A vaccine would “need to be produced in sufficient quantities to vaccinate over 7 billion people, which will take time”.

Mills pointed out that AstraZeneca – which is developing one of the leading vaccines – has deals in place to produce 2 billion doses by the end of 2021.

“Making enough for the whole world could take years,” he reiterated. “Polio was only deemed to have been eradicated in Africa this year – over 60 years after vaccines became available.”

Mills added: “The last natural smallpox case was in 1977, 10 years after the World Health Organization launched a global eradication program for that disease, and nearly 200 years after the first smallpox vaccine was developed.”

United Airlines is at the forefront of world aviation attempts to speed up the air travel process in the era of Covid-19 while ensuring travel is safe for customers and for everyone else involved.

It might take some time to eliminate Covid-19 from the world, but in the meantime, let’s eliminate it from the flight.

Last week, travellers on a United flight from San Francisco International Airport to Hawaii became the first to experience the airline’s initial Covid-19 testing program, which lets customers who return a negative result bypass Hawaii’s mandatory quarantine requirements and enjoy their time on the islands sooner.

In collaboration with San Francisco International Airport, United customers now have the option to take a same-day, pre-flight rapid test at the airport or a conveniently located drive-through test at United’s San Francisco Maintenance Centre ahead of their trip. United has been approved by the Hawaii Department of Health as a trusted testing and travel partner and was the first US carrier to announce its plans to make Covid-19 tests available to customers.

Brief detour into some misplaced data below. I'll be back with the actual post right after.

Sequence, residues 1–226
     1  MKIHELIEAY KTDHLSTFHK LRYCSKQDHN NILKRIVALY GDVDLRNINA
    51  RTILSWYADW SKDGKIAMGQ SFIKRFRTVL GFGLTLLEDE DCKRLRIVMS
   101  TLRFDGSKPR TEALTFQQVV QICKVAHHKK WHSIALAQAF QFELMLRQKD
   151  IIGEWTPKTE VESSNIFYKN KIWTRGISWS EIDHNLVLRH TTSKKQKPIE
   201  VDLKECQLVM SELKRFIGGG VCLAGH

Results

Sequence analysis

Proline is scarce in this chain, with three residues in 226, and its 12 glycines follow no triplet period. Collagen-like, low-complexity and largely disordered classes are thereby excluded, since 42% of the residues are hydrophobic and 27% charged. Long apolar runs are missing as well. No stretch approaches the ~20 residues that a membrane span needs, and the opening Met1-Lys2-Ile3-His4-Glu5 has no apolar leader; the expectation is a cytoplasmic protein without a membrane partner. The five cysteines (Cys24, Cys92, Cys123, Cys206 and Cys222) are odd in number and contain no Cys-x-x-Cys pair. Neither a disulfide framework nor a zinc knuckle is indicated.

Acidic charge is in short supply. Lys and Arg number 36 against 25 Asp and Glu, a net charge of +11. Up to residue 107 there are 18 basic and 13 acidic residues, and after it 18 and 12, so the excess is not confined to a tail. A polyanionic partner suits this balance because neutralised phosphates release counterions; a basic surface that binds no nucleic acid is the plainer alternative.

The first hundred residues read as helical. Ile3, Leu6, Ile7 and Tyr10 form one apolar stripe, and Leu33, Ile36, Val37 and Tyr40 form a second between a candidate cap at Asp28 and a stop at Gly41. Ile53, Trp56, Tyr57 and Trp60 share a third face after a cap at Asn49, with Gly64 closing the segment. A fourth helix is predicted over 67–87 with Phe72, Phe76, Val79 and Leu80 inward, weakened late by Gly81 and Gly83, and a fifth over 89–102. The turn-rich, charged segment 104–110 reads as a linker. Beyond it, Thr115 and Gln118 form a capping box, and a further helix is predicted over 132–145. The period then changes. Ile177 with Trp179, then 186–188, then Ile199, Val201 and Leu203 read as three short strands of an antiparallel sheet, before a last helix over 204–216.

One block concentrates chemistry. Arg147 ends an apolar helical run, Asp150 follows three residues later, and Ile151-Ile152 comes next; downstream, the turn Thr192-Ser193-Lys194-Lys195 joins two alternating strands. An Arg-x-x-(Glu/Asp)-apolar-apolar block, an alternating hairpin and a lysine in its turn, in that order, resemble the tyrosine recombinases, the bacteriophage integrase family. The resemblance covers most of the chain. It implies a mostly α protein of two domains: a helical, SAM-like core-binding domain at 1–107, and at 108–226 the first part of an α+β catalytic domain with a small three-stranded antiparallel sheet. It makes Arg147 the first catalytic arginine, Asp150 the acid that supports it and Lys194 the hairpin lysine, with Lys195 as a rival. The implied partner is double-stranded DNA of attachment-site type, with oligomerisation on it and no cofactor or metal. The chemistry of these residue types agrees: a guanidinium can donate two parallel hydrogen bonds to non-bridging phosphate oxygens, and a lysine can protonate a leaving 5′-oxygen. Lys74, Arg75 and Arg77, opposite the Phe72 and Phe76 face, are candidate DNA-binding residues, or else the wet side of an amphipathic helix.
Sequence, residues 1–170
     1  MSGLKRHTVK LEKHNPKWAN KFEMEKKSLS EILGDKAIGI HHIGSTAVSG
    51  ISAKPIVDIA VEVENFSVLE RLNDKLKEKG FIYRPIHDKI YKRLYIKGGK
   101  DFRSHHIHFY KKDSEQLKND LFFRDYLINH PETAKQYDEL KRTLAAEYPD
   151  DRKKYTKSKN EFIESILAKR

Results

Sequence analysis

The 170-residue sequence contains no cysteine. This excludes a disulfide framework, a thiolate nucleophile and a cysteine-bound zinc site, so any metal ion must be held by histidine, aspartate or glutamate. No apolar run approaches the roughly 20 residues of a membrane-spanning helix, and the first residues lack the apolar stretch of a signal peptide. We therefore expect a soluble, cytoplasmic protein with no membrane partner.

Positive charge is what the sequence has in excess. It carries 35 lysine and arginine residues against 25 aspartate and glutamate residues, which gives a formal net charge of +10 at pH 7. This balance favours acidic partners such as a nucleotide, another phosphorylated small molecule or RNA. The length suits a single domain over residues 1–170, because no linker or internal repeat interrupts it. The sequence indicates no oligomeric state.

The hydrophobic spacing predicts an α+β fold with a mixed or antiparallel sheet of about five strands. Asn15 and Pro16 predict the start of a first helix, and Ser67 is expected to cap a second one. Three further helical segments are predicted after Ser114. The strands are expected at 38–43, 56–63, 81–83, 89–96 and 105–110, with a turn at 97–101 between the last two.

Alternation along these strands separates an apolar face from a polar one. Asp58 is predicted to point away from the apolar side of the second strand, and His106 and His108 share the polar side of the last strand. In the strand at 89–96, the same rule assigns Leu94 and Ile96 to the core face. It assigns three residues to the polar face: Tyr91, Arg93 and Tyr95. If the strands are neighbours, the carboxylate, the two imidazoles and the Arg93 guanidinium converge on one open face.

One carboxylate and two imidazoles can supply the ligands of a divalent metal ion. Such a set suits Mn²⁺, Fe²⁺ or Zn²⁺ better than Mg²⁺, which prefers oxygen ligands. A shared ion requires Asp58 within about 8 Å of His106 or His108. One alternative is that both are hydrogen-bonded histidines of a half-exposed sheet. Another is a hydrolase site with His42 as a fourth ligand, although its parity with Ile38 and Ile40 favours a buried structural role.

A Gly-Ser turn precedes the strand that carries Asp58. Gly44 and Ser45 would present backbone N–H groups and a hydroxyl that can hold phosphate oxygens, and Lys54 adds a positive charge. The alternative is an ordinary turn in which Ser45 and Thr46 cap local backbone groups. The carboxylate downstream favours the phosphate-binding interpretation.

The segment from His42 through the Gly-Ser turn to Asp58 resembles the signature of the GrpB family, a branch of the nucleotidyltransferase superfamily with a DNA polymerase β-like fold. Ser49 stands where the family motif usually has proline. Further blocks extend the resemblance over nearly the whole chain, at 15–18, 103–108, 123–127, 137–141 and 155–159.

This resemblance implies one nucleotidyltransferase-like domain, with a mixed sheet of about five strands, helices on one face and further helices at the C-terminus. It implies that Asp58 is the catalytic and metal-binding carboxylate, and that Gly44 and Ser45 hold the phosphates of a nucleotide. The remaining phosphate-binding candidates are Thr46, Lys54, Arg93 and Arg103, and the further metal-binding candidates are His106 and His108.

United, working alongside San Francisco International Airport, will make two tests available to customers travelling to Hawaii: a rapid test option taken at the airport on the day of travel or a drive-through test conducted at the airport 48-72 hours before departure.

Travellers who produce a negative test result through either option will be exempt from quarantine requirements in Lihue, Maui and Honolulu. Customers traveling to Kona will be required to take a second complimentary test when they arrive to the island to avoid quarantining.

The rapid Abbott ID NOW Covid-19 test – administered by GoHealth Urgent Care and their partner Dignity Health – is available at an onsite testing facility located in SFO’s international terminal prior to security. Customers based in San Francisco can schedule their visits online and will receive their results in approximately 15 minutes.

“There’s no doubt that Covid-19 has changed the travel experience, and United is committed to innovating to help customers continue to travel where they want to go in a way that is safe,” said Toby Enqvist, chief customer officer at United.

“In partnership with the San Francisco Airport, we look forward to helping re-open the Hawaiian economy, and look forward to making testing options more broadly available to our customers so we can continue to connect people and unite the world.”

Written by Peter Needham